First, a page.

Business Analysis through the lens of Change Management

Most organisations today operate in environments which demand constant evolution and adaptation and for many continuous change has become, both critical to success and the only constant of organisational life.

While it is doubtless the case that change is becoming more and more important, the evidence suggests that the majority of organisations are struggling to do it well. Circa 70% of major change initiatives still fail (HBR 2014), and in Prosci’s 2018 Best Practices Research 73% of organisations reported being past, at, or nearing change saturation point. 

So what’s to be done? Change Management has become increasingly recognised as a discipline over the last 20 years or so, and provides frameworks and tools that when effectively applied have been proven to increase both the probability of achieving successful outcomes from change, and change capacity.

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Perhaps the answer then is for organisations to focus more on building enterprise change management capability to ensure consistent application across their change portfolio? This is an idea we strongly support, and it’s a large part of what we do, however in our view while critical it is not sufficient. 

Why? -It’s not sufficient because Change Management is a process for engaging with people and getting them to make individual transitions from one way of working to a future way of working, and as such is entirely dependent on timely, relevant, meaningful information about the change as an input. Without this information input, Change Management cannot be effective, no matter how comprehensively applied.

The opportunity for Business Analysis

My experience of working with many hundreds of individuals involved in managing change strongly suggests an inadequate focus on generating the information inputs required for Change Management to succeed. It is providing this focus which represents an opportunity for Business Analysis through which it could substantially build on the value already provided to the organisations it serves.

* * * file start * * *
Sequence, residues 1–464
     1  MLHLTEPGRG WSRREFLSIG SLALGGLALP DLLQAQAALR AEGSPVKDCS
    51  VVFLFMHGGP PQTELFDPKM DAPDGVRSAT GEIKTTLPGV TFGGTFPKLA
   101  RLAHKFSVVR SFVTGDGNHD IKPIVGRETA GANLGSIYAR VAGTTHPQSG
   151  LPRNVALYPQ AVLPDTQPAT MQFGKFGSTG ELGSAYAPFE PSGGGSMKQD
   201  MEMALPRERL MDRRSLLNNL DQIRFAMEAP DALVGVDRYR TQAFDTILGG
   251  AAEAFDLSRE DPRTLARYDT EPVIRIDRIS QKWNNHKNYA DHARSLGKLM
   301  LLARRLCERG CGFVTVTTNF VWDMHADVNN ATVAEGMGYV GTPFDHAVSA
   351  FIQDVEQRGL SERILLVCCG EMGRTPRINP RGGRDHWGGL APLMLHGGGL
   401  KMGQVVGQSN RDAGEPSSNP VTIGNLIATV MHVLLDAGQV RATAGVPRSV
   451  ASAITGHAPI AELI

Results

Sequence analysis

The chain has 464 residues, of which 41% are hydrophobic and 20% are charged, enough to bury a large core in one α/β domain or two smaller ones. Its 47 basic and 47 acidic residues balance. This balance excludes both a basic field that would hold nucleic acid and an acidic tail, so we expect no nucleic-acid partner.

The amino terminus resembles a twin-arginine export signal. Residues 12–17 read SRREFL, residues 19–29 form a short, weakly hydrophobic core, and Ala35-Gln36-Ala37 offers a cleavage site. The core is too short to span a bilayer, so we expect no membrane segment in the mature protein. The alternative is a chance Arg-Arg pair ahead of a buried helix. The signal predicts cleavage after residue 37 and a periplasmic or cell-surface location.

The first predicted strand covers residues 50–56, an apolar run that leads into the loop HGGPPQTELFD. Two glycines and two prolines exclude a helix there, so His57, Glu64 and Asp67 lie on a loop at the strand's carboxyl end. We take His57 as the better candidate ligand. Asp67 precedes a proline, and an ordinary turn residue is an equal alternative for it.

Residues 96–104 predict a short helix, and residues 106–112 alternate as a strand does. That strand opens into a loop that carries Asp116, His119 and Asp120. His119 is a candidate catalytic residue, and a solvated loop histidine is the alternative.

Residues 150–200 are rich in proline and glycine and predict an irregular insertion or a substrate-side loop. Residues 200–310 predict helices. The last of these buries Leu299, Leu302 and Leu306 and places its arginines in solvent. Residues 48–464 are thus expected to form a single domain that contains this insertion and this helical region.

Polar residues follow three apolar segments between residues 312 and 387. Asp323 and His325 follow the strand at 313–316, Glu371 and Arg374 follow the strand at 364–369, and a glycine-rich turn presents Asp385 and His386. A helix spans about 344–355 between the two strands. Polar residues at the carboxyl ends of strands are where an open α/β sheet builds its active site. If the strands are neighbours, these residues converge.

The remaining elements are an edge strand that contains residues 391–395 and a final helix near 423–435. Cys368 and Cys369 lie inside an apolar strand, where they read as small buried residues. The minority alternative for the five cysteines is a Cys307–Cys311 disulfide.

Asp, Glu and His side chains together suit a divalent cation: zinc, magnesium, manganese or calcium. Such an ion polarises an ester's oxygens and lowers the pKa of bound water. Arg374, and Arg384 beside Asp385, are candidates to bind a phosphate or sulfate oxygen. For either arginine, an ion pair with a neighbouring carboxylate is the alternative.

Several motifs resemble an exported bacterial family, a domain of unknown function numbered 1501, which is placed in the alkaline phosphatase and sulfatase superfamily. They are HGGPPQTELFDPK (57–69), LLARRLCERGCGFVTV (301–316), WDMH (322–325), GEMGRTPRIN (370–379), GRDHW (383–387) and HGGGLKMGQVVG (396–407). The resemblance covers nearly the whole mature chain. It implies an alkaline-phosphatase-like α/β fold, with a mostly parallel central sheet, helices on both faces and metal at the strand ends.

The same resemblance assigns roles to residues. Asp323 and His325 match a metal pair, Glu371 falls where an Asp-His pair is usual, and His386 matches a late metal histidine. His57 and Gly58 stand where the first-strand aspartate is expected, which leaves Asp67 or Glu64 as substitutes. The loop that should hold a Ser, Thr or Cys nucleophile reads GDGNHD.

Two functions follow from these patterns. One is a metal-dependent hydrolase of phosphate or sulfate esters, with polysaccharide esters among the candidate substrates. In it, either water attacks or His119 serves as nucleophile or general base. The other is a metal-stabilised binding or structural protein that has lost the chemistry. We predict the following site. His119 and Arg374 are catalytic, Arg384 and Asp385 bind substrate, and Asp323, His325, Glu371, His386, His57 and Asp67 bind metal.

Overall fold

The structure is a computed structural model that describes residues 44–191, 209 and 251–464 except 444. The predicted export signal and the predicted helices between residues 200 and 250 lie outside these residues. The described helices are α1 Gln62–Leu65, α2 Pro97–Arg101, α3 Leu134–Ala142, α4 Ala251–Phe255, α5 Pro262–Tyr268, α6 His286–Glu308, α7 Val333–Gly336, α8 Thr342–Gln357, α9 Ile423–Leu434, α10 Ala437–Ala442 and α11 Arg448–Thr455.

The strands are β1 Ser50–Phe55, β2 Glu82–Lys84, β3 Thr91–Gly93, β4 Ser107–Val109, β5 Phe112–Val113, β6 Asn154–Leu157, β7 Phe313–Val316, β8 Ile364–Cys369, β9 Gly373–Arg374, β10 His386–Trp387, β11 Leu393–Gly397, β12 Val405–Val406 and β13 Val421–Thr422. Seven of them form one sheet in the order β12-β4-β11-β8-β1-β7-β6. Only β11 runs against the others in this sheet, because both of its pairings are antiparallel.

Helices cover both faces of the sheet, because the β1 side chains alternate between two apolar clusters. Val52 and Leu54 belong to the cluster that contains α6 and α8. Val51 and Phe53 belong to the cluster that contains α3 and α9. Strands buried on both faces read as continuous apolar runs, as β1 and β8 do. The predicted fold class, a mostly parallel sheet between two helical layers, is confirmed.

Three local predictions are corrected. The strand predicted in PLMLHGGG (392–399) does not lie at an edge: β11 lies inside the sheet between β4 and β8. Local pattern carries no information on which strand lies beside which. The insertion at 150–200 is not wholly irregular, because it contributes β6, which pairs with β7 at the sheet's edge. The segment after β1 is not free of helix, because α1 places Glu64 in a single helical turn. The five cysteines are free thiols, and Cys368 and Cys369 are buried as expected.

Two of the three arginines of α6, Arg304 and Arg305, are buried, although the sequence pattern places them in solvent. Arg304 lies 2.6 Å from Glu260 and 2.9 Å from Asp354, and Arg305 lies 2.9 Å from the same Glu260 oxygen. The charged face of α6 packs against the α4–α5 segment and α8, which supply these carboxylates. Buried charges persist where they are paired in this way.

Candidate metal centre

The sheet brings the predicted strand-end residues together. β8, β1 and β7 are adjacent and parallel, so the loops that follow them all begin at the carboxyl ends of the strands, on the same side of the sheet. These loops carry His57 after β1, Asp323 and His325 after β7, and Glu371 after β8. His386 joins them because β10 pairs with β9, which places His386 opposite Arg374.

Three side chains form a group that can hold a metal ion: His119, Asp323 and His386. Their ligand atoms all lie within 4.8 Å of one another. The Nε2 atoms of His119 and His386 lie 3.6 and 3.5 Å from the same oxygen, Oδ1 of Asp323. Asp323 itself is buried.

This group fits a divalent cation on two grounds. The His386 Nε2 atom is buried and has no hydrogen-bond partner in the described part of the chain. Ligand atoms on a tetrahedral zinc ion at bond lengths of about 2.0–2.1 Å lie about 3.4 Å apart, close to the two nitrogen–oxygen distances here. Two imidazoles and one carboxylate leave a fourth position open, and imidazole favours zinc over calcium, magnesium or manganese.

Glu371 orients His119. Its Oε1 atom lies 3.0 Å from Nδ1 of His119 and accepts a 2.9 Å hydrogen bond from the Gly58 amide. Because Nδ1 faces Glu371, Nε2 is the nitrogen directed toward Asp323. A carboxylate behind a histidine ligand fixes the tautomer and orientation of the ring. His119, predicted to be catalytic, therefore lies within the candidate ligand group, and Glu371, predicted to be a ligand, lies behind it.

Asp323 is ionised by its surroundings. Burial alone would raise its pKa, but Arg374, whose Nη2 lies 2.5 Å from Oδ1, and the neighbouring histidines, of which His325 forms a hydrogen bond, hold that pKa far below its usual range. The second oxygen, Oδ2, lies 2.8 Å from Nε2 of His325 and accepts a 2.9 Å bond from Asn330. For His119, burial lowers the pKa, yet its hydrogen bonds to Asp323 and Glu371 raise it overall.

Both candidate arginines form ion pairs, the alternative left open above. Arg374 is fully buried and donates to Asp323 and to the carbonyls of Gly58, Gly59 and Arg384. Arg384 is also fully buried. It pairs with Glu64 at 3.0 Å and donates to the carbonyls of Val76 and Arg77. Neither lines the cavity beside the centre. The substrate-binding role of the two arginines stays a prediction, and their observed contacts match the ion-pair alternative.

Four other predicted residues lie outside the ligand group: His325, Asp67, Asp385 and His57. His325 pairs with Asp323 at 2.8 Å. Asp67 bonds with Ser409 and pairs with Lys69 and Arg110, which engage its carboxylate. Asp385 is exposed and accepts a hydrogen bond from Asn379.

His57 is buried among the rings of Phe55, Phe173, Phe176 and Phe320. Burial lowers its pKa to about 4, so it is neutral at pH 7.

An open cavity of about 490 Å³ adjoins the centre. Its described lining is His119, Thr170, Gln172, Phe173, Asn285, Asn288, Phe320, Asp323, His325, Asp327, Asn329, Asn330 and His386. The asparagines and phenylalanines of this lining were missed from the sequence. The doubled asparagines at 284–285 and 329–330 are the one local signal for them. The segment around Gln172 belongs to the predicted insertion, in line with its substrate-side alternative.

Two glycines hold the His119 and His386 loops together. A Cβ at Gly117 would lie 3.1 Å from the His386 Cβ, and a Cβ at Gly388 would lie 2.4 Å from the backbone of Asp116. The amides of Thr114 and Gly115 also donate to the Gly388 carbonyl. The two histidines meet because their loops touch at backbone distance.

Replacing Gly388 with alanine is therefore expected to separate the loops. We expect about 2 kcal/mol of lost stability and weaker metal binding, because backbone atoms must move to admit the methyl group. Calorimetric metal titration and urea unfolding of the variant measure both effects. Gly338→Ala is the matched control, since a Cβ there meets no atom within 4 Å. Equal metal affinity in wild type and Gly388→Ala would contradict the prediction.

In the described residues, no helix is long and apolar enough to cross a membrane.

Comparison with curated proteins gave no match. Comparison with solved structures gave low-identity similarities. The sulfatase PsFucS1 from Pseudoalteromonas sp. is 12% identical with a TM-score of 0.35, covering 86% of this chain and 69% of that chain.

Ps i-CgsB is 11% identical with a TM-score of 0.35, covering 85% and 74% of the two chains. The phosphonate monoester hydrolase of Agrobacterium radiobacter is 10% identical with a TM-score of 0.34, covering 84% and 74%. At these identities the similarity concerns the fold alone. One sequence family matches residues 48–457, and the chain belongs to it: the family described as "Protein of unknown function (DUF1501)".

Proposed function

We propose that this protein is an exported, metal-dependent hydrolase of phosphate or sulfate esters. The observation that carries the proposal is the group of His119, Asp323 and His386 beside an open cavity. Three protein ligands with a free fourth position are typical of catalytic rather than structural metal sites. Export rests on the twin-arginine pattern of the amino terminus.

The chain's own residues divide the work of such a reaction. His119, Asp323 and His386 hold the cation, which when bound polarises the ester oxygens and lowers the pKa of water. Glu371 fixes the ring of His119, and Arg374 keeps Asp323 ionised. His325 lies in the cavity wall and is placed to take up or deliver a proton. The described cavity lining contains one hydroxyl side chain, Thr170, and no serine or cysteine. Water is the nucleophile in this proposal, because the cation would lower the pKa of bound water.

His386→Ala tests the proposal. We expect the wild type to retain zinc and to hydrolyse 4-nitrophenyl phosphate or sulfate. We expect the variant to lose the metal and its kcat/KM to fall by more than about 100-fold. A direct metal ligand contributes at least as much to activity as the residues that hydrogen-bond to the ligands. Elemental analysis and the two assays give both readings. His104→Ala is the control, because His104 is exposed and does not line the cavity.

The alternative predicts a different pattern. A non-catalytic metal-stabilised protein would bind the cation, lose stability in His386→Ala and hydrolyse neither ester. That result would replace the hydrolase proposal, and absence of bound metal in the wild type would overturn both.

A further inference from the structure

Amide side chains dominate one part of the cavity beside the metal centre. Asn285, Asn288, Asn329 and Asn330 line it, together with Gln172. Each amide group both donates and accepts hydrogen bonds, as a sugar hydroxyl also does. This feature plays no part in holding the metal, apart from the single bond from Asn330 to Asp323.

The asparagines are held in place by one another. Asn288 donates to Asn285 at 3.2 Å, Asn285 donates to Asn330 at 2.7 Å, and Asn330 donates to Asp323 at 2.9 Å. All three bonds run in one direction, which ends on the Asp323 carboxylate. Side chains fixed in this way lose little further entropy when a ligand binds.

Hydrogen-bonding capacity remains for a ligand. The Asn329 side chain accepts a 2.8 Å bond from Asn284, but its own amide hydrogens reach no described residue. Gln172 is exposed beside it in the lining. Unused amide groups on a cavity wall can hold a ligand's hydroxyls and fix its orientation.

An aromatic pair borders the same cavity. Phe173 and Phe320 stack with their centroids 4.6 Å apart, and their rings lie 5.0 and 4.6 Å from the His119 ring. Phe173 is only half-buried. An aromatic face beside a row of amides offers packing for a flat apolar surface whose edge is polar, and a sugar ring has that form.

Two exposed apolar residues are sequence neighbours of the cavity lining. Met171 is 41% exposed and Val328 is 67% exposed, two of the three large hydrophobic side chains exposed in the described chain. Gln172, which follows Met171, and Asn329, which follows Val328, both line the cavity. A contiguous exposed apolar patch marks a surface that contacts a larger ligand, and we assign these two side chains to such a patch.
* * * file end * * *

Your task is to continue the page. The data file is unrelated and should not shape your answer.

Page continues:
To be more specific, achieving successful change requires individuals to move through a number of stages. We use Prosci’s ADKAR model made up of the 5 stages of Awareness, Desire, Knowledge, Ability and Reinforcement. Achieving the stages within this model requires timely, relevant, meaningful information at each stage, which Business Analysis could, but currently typically doesn’t provide.

  • Awareness: Requires evidence based, factual rationale for why the change is needed and the consequences of failure.
  • Desire: Requires spelling out “What’s In It for Me” for everyone impacted.
  • Knowledge & Ability: Requires clarity on future state processes, outcomes, accountability, roles and responsibilities and technology support.
  • Reinforcement: Requires clear metrics and measurement mechanisms.

In addition to meeting the requirements above, it is also vital that both design of analytical products, and the process for their development maximises the potential to develop intrinsic motivation. Business analysis should motivate both through its products and its process.

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In summary, looking at Business Analysis through the lens of Change Management reveals an opportunity for Business Analysts to be proactive in enabling Change Management through turning their analytical skills to delivering the specific range of analytical inputs that change management requires for success. Exploiting this opportunity holds the promise of both further increasing the value Business Analysis delivers, and also removing a major limiting factor on the success Change Management is achieving today.

Steve Ragg is a CMC Prosci Advanced Instructor. He has experience in delivering major change initiatives in the UK National Health Services, the Pharmaceutical Industry, the Financial Services Industry and a Global Humanitarian Relief organisation.

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